Slave to a substance

Being addicted to drugs and/or alcohol is one of the most difficult illnesses one might ever have to endure. The majority of people can have a drink or two after work or at a party and then put it down when they feel they are getting buzzed. Or I’ve heard of those who can keep a little weed in the freezer and just pull it out for parties or a quick high. This is not the case for those who have a problem with substances. There are also men and women with mental illness who self-medicate. I got a call yesterday reminding me of the seriousness and sometimes fatal nature of addiction.

A good friend of mine passed away two days ago. He was in and out of the rooms of recovery and, for whatever reason, could not stay sober. He house was full of beer cans when they found him. The cause of death was not known, however I’m sure it had something to do with his alcohol abuse. This man was a good friend who had a good, compassionate heart. Normally, he would greet me with a hug and a smile. I was fortunate enough to see him over this past Christmas holiday when I went home to Louisiana. He was a talented musician who played the Cajun accordion and the guitar. He told stories and jokes better than anyone I’ve known. His calm demeanor and white, bearded face will be missed by those who knew him.

My remaining vices are cigarettes and food. I’ve been to smoking cessation classes and have used the patches and lozenges to no avail. I do not want to smoke yet it seems pointless at times to fight such a formidable foe. The most I have gone without a cigarette is five days. I have been smoking for twenty-two years and would like to not have any of the illnesses promised by prolonged tobacco use. I try to eat right and exercise as well, but Taco Bell and Wendy’s just taste so damn good.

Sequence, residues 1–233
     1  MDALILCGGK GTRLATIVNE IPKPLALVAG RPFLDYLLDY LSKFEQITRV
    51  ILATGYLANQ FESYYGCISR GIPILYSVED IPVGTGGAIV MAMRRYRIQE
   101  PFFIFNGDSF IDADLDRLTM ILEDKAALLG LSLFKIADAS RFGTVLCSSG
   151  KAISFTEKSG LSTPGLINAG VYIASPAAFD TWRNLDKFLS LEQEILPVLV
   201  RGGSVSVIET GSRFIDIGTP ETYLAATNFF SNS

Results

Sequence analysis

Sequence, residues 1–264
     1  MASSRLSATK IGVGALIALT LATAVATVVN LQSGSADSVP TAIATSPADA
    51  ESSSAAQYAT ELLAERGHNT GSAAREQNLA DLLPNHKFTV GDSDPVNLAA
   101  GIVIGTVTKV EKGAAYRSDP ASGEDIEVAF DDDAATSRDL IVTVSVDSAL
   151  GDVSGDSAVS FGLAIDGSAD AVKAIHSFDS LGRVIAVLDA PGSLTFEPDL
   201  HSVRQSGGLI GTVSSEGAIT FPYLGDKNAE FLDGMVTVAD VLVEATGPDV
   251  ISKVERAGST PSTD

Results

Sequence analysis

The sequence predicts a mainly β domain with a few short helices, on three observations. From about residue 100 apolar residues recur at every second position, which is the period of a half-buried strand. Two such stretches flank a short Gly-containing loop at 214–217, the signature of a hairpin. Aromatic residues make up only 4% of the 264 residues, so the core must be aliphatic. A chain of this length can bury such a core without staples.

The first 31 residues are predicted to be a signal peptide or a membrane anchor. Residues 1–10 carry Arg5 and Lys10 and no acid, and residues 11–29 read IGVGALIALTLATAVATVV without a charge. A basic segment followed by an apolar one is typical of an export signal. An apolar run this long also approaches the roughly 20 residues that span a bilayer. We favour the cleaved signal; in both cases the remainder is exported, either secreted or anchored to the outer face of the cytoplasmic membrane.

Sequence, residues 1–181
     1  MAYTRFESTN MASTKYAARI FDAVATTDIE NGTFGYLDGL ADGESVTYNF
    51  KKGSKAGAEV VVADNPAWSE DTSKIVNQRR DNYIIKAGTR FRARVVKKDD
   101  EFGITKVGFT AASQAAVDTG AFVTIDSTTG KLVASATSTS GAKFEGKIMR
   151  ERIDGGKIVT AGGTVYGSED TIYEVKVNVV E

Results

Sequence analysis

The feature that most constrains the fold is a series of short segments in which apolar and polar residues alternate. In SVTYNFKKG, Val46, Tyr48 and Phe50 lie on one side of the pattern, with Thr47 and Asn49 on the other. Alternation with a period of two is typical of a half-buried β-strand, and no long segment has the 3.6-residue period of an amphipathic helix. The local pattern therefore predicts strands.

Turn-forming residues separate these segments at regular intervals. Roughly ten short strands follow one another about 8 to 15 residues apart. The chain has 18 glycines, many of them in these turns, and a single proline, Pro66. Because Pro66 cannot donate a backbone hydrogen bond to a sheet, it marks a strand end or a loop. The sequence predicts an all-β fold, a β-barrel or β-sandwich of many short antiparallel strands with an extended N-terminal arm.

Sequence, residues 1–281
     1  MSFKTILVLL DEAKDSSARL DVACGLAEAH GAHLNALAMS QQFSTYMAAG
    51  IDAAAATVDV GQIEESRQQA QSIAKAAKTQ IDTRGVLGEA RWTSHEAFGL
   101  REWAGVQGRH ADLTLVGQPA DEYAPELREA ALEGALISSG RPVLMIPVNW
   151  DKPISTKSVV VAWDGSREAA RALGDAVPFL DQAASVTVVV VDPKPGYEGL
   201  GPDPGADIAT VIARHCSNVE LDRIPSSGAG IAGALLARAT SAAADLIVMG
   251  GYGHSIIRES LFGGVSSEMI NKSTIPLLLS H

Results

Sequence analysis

I do not know why humans have adopted this idea of putting poisonous substances into our bodies and how it all began. That said, I think it takes a lot of courage to swear off them when you know you have little ability to control your use of them. I will keep working on quitting smoking. My friend is hopefully in a better place. If anything his death will be a grim refresher course into the dangers of relapse for all those in recovery. No one said it would be easy. It is often difficult to find peace and contentment in this life. Prayer, meditation and always being aware of your emotional condition throughout the day are good ways to cope. If you are in trouble, ask for help. Call a friend, family member or the suicide or crisis center hot line where you live. Reach out. We only get one turn (unless you believe in reincarnation) on this planet. Make it count and don’t give up.

Thank you for reading. Take care.

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